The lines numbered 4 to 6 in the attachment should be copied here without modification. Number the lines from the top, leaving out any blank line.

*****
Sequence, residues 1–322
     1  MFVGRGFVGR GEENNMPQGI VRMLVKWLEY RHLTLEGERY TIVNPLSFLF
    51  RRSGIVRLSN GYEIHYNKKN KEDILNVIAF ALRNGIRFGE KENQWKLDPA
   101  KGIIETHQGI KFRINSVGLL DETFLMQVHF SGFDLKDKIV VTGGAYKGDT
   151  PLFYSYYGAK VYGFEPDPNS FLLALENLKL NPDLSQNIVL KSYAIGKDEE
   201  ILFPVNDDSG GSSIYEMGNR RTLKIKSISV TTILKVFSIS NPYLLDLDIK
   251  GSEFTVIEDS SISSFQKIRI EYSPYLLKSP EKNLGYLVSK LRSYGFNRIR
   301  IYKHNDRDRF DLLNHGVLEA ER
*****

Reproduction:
   101  KGIIETHQGI KFRINSVGLL DETFLMQVHF SGFDLKDKIV VTGGAYKGDT
   151  PLFYSYYGAK VYGFEPDPNS FLLALENLKL NPDLSQNIVL KSYAIGKDEE
   201  ILFPVNDDSG GSSIYEMGNR RTLKIKSISV TTILKVFSIS NPYLLDLDIK